A selkie, sometimes referred to as a (sort of) sealwere, was a very rare creature, capable of taking the form of a seal-like being or of a humanoid.[1]

Description[edit | edit source]

Selkies were intelligent seal-like beings that, instead of flippers, had webbed hands and feet. Their eyes were either light blue or bright green, like that of emeralds. Other than that, they were indistinguishable from normal seals. These shapechangers were able to assume a human form, once per month, for around a week.[1] Their human form could vary, but generally they had tanned skin with black or gray hair.[4]

Behavior[edit | edit source]

These creatures enjoyed seafood and acted in a peculiar manner, sometimes leading to their unwanted detection. Oddly, they also enjoyed wine.[1]

Compared to some aquatic lifeforms, selkies were passionately concerned about the welfare and health of their environment. They were more easily offended than others by surface dwellers and foreigners abusing their homeland's sea life.[5]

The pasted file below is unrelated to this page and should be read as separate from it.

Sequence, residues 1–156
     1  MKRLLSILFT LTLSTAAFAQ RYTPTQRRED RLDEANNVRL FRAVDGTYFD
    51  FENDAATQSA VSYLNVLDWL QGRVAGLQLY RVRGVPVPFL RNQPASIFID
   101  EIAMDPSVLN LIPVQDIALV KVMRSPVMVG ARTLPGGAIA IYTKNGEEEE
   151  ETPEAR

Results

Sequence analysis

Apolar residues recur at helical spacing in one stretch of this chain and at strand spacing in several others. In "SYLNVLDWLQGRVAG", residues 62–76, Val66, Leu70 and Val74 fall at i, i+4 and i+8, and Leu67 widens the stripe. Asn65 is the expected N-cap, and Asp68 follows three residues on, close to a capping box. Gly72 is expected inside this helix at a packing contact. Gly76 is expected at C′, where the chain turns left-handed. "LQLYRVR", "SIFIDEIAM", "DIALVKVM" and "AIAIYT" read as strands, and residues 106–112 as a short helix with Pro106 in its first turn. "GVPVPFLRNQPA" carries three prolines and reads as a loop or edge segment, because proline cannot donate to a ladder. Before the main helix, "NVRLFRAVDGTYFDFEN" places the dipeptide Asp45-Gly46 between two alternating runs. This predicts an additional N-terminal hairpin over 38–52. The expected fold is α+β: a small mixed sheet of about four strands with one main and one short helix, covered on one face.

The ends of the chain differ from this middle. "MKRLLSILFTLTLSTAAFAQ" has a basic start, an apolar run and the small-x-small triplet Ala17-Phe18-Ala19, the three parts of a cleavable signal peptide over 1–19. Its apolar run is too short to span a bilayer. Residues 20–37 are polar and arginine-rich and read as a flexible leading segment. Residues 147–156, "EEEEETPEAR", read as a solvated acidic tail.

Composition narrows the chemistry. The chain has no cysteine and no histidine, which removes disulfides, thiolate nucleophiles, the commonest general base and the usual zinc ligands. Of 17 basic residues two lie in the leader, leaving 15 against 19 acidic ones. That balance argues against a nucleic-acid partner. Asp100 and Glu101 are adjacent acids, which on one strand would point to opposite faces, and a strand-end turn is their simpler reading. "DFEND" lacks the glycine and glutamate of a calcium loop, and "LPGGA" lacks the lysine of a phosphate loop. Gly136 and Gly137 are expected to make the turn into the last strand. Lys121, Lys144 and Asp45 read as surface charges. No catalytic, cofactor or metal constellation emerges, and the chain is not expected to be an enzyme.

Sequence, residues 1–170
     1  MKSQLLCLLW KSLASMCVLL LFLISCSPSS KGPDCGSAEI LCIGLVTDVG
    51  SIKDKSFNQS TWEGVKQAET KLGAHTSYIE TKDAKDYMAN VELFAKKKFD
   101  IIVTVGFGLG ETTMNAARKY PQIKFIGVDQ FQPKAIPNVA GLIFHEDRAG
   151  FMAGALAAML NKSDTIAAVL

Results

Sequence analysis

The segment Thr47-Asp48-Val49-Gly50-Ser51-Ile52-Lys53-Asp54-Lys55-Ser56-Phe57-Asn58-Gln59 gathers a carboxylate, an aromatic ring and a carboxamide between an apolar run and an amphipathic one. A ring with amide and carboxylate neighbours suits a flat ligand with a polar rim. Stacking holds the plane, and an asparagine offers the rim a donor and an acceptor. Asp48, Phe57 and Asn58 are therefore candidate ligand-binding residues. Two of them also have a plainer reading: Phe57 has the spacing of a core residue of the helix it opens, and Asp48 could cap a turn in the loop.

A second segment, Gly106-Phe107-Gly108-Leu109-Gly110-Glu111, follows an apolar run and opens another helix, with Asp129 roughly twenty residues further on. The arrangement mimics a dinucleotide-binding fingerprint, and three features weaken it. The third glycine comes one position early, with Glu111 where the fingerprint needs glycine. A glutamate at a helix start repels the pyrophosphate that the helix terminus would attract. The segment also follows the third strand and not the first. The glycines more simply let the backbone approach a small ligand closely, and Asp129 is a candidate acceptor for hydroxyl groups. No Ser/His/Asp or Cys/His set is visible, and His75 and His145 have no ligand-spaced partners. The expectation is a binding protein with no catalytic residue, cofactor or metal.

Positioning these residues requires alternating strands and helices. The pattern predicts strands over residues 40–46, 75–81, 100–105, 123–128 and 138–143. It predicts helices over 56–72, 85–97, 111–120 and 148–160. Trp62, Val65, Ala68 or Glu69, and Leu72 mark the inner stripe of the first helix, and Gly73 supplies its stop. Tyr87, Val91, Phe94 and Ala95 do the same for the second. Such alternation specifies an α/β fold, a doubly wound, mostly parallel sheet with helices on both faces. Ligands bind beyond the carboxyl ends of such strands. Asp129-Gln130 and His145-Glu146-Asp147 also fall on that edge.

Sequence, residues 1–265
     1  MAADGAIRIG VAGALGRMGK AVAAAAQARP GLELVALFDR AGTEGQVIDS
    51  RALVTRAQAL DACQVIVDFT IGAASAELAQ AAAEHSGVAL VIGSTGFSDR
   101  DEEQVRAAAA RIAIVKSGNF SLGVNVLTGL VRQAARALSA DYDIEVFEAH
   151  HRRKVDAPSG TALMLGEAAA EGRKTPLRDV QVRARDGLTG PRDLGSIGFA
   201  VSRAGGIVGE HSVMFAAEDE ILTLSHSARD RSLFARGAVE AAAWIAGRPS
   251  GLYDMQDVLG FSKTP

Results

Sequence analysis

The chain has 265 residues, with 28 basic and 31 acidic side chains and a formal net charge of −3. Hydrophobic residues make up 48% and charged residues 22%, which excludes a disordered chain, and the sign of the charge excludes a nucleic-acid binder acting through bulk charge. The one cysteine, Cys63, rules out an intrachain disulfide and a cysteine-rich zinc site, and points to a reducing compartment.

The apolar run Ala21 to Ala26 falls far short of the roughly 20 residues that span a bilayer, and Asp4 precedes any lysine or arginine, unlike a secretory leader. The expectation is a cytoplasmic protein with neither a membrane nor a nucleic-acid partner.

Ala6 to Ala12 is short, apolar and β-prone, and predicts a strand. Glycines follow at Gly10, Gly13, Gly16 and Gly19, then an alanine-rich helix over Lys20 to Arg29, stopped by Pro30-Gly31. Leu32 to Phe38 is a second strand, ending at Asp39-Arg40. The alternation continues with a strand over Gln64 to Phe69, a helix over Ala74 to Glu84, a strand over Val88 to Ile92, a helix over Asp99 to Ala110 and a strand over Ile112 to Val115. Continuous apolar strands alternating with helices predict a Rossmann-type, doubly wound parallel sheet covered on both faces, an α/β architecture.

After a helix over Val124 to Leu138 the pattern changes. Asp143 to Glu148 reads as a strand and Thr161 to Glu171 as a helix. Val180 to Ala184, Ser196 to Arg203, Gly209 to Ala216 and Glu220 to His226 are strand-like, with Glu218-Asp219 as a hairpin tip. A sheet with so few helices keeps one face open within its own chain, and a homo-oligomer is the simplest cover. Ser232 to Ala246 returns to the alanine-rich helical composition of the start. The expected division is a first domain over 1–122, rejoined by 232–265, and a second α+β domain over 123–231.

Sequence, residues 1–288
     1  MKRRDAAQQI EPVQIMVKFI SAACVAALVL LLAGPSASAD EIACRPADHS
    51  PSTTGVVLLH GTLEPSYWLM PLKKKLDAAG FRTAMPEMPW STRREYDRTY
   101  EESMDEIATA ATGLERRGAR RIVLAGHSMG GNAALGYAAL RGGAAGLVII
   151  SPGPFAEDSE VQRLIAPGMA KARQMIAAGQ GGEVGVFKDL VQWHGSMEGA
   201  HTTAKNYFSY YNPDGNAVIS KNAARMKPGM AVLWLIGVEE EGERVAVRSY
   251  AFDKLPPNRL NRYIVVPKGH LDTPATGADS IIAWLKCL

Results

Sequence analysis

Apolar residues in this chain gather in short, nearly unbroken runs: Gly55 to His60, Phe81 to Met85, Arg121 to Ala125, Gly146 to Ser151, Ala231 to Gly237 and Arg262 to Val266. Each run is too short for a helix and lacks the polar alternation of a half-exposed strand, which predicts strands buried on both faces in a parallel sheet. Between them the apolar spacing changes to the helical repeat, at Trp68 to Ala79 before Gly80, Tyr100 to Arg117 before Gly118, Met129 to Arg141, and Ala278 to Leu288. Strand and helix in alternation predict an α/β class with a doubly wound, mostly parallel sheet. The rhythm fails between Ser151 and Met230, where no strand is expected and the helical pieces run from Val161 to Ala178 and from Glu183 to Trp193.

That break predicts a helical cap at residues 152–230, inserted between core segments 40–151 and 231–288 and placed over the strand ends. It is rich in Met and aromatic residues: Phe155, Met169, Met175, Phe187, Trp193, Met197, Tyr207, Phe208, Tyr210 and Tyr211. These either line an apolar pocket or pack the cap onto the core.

Abilities[edit | edit source]

Their humanoid forms couldn't be dispelled, as they were antherions, but true seeing spells, or a creature with truesight, could see through the selkies' assumed form.[1]

The leaders of selkie communities were typically knew the spells augury, control weather, cure disease, cure light wounds, and weather summoning. They generally only used weather related spells when they were in dire need of exacting revenge.[2] Beyond leaders, some more magically inclined selkies were known to take up the role of a hedge wizard.[6]

Combat[edit | edit source]

Selkies usually fought unarmed, as weapons made swimming difficult, slowing them greatly. They also preferred to run from combat instead of fighting, utilizing their strong webbed arms and legs to move away quickly. Thus, they used their natural weapons, such as their sharp teeth in their natural form, but wielded weapons when taking on humanoid form.[1] They were typically proficient in the use of cutlasses and other swords, tridents, and harpoons.[6]

History[edit | edit source]